Peritrich ciliates, such as Vorticella and Carchesium, have contractile stalks for their movements. Several papers have been dealt with the stalks as a contractile system in protozoa (1, 2, 6). The contractile structure in the stalk has been named as "Spasmoneme". Electron microscopically, it contains a myoneme which is a bundle of many thin filaments, each with a diameter of 4 to 7 nm, and some cell organelles in the cytoplasm (1, 2, 4, 7). A bundle of myoneme in a zooid (zooid myoneme) is more slender than that in a stalk (stalk myoneme), though a myoneme appears to be similar in fine structure each other. Zooid myonemes are converged into a single stalk myoneme at the region of the scopula, thus the stalk myoneme is conrposed of bundles of zooid myonemes. There is an another myoneme system around an oral region, which acts on contraction of the oral part (6). Zooid myonemes are always surrounded with endoplasmic reticula (E. R), the form of which, in the genus Vorticella, varies with the species (4). Recent investigations suggested that the E. R in Vorticella are sites of calsium release to trigger myonemal contraction (1). The similar structures of E. R were observed in Zoothamnium (5).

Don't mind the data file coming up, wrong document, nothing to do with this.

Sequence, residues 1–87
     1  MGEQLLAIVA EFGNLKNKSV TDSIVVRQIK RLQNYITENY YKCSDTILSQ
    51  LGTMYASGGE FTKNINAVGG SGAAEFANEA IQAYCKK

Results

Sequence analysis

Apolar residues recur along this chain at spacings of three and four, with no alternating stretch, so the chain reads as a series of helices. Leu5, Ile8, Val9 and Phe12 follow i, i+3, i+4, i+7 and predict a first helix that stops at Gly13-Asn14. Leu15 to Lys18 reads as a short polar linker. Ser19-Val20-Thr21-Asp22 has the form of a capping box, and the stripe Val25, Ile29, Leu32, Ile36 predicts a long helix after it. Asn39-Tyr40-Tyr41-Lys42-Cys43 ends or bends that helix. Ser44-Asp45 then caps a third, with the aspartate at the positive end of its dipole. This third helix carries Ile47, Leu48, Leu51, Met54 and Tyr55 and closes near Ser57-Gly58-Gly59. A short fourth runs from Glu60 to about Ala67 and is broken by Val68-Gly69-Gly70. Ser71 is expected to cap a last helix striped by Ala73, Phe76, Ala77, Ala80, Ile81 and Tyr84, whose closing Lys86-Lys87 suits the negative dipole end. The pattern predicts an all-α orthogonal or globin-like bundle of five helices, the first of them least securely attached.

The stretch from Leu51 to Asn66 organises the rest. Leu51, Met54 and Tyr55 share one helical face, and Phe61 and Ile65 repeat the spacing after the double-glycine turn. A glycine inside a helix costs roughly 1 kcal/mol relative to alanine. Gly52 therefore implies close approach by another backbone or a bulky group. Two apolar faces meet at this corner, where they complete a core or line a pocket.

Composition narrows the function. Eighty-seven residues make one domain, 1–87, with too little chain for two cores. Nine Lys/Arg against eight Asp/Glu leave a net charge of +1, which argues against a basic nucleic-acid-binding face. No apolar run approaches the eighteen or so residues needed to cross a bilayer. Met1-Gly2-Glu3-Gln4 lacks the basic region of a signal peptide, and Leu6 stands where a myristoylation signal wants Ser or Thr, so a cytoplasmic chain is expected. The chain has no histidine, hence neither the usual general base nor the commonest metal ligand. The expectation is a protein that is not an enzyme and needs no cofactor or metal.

A peritrich ciliate Epistylis bears a resemblance to Carchesium or Zoothamnium in size and form under a light microscope, but the contractile movements are somewhat different among them. The stalk in Carchesium contracts into a coil and that of Zoothamnium meanders by the myonemal contraction in the stalk, whereas in Epistylis, the contraction and elongation take place only in the cell body. This paper is dealt with structures of the contractile system within the cell body in Epistylis.